LOGAN, Ohio — A fast-moving special primary election for a central Ohio congressional seat could end up speaking volumes about what direction the Republican Party is going in since former President Donald Trump left office.
Early voting begins Wednesday in the primary race to succeed Republican Congressman Steve Stivers, who resigned in May to head the Ohio Chamber of Commerce. The primary will be held on Aug. 3.
Trump has made an endorsement in the race, meaning the outcome will serve as a test of his political powers and appeal after leaving office.
The 15th Congressional District stretches from the southern suburbs of Columbus, all the way east to Athens County. As you drive around many rural parts of the region, Trump flags are still flying. But closer to Columbus, you see Black Lives Matter signs, support for LGBTQ pride and calls for new district lines.
Eleven Republicans are hoping to succeed Stivers in a district he carried with 63% of the vote in November, and Trump won with 56%.
Trump has endorsed coal industry lobbyist Mike Carey, who has never held elected office.
“He’s a wonderful man. I’ve known him for a long time, Mike Carey,” Trump said at his recent rally in Wellington.
Stivers is backing state Rep. Jeff LaRe, who also works in security and has a law enforcement background.
“Jeff not only can win, but he has the right attitude to serve both people in the rural areas and people in the suburbs,” Stivers told Spectrum News in an interview.
Carey recently traveled to New York to meet with Trump and land his endorsement. He said his campaign has conducted polling that shows Trump is more popular in the district than Stivers.
“In a Republican primary, I would much rather have former President Donald Trump's endorsement than the former congressman’s,” Carey told Spectrum News in an interview at an event in Wilmington.
Although LaRe has spent two years as a state legislator, he positions himself more as a political outsider with an expansive resume.
“While I do have legislative experience, I’m not a career politician,” LaRe told Spectrum News in an interview at an event in Logan. “My background in law enforcement and business management is really what sets me apart from the rest of the field.”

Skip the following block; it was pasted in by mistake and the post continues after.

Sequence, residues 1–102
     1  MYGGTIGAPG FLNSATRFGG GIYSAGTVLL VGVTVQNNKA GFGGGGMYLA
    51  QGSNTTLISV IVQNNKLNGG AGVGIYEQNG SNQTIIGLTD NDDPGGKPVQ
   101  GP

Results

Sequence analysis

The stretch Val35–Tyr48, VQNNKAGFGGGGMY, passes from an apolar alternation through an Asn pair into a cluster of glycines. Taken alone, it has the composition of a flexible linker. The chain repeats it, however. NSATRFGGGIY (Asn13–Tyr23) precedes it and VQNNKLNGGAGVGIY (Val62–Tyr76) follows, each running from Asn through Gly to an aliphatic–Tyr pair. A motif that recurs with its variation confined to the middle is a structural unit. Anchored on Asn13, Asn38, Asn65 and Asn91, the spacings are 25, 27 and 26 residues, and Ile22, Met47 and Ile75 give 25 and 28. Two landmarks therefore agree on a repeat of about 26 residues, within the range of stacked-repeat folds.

The way this district is drawn, it’s likely a Republican will end up winning in the November general election, so it’s the primary in August that’s worth paying more attention to.
With Stivers endorsing one Republican and Trump endorsing another, that could end up being the deciding factor.
This primary is shaping up to be a battle between two wings of the GOP: A “Trump conservative” versus, as Stivers calls himself, a “mainstream conservative.”
In rural communities like Wilmington and Ashville, voters said Trump’s endorsement matters.
“I believe in this part of the world, yes. This part of the world — we’re big Trump supporters. Still are,” John Chaney, who lives in Wilmington, said.
“This will help [Carey] tremendously,” added Anessia Turner, also of Wilmington.
In Ashville, Derek Bragg agreed that “around here, it’ll sway most voters, yeah.”
But other voters said it’s more about the individual candidates.
“It’s good to have those endorsements, but in the end, who we vote for — it depends on what they’re saying, what they’re doing and their track record more so than what everybody else says I should vote for,” D’Andre McDonald, who lives in Lancaster, said.
All of the major Republican candidates in the race said they embrace Trump’s policies, but there are some subtle differences in their approach.
LaRe echoes Stivers’ longtime call for civility in politics.
“By no means am I saying that you can't stand up for your values and your principles and what you believe in, but we need to be able to have that open dialogue, get back to having a conversation that's constructive,” LaRe told Spectrum News.
Carey, on the other hand, pledges he’ll be like some of Trump’s biggest supporters on Capitol Hill.
“My voting record is going to look a lot more like [Ohio Congressman] Jim Jordan’s than it's going to look like the former congressman’s [Stivers],” Carey said.
One wildcard to consider is turnout, since the primary is being held in the middle of the summer.
“I think a lot of Republicans just don’t know that there’s a special election,” Jennifer Hiles, the chair of the Hocking County GOP, said in an interview.
It’s a special primary election that could speak volumes about the direction of the GOP.
The Republican winner of the Aug. 3 primary will face one of two Democrats in November.
The 11 Republican candidates are Carey, LaRe, Bob Peterson, Ron Hood, Stephanie Kunze, John Adams, Ruth Edmonds, Thad Cooperrider, Tom Hwang, Omar Tarazi and Eric Clark.
The two Democrats running are Allison Russo and Greg Betts.